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Efficiency First: A Crucial Building Block for the Energiewende

When the German Ministry of Energy and Economic Affairs published its green paper on energy efficiency, it not only put the spotlight on efficiency, it also started the conversation around a necessary underlying energy policy framework. Until now, energy efficiency has been viewed merely as an additional service offered to end-use customers, but rarely as one of the fundamental building blocks for a successful “Energiewende,” or energy transition, in Germany.

Although it may seem counterintuitive, today’s energy markets do not automatically consider the economic value of demand-side resources, such as energy efficiency or load shifting, not even in competitive markets. Every saved or avoided kilowatt hour has a long-term system value of 11 to 15 euro cents, based on avoided generation, transport, and distribution costs. Most efficiency investments cost even less. Yet Germany, like many other countries, opts primarily for supply-side options. This disconnect is driven by the notion that liberalized energy markets are the perfect, and therefore the only, way to achieve an economically efficient energy sector.

However, the key to an economically efficient energy sector is the regulator. Only policymakers can systematically eliminate the existing misconceptions and investment shortfalls, or the different methods for valuating energy resources. It is, however, considerably more difficult in competitive markets (in contrast to monopolistic structures) to establish the necessary long-term planning approaches, such as integrated resource planning and least-cost planning.

RAP developed the principle of “Efficiency First” as a decision-making principle and economic instrument for bridging these gaps. Efficiency First prioritizes any efficiency measure that costs less or delivers more value than planned investment in supply resources—particularly fossil fuels—and infrastructure. In order to implement this systematic evaluation of investment options, policymakers need an overarching regulatory framework that not only recognizes the value of demand-side resources, but also empowers the competent institutions to work together to craft and recommend comprehensive solutions, in addition to reviewing existing measures. In order to base discussions of Efficiency First on real-world experience, RAP has collected examples of similar existing measures from across Europe to inform practical discussions with decision-makers and market partners.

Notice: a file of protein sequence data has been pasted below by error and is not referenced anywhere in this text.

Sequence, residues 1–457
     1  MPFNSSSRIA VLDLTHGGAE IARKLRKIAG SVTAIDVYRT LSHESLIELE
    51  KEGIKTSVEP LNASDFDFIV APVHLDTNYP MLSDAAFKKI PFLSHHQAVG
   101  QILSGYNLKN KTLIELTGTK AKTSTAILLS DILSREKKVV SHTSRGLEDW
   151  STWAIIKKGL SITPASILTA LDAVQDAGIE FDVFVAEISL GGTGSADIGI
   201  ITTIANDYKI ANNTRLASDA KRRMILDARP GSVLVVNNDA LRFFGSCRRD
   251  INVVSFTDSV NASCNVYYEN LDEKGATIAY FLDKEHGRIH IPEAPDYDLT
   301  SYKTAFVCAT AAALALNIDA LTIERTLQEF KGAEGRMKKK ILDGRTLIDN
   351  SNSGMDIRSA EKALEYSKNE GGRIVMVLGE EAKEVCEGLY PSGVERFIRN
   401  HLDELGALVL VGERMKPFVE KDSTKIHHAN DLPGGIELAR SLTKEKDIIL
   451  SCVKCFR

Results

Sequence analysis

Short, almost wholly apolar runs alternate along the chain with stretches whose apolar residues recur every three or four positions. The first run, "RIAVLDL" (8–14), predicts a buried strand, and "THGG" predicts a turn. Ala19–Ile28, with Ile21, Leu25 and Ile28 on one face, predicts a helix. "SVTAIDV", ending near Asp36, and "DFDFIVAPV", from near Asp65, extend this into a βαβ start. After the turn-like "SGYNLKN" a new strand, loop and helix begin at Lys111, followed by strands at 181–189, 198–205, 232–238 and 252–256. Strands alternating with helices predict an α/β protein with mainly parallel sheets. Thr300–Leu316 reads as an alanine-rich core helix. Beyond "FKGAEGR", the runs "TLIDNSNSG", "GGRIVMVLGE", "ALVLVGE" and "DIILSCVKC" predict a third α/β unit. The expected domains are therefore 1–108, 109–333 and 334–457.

There’s a lot of work ahead of us if we’re going to do more than just pay lip service to the green paper on efficiency. The questions posed in the Ministry’s public consultation are headed in the right direction. Being able to answer these questions without any hidden agenda, ulterior motives, or bias for specific business models will allow the Ministry to craft a white paper with concrete recommendations for Efficiency First that can be implemented by the next federal government. The Ministry has already taken an important first step. Now it’s up to citizens and organizations, their associations, and their representatives to step up to ensure that this topic becomes part of the next election platform and, thus, part of the next coalition agreement.

The existing, relatively small, differences of opinions among stakeholders must be put aside. The alternative is an expensive Energiewende, or possibly even an Energiewende facing failure. Along these same lines, capturing the full value of various energy resources will also be crucial in decarbonizing the heating and transportation sectors through beneficial electrification. This valuation is the deciding factor in whether the German Energiewende can be a valuable model for other countries. RAP will continue to work toward this goal.

By Andreas Jahn

The post Efficiency First: A Crucial Building Block for the Energiewende appeared first on Regulatory Assistance Project.

Photo Credit: Emanuele via Flickr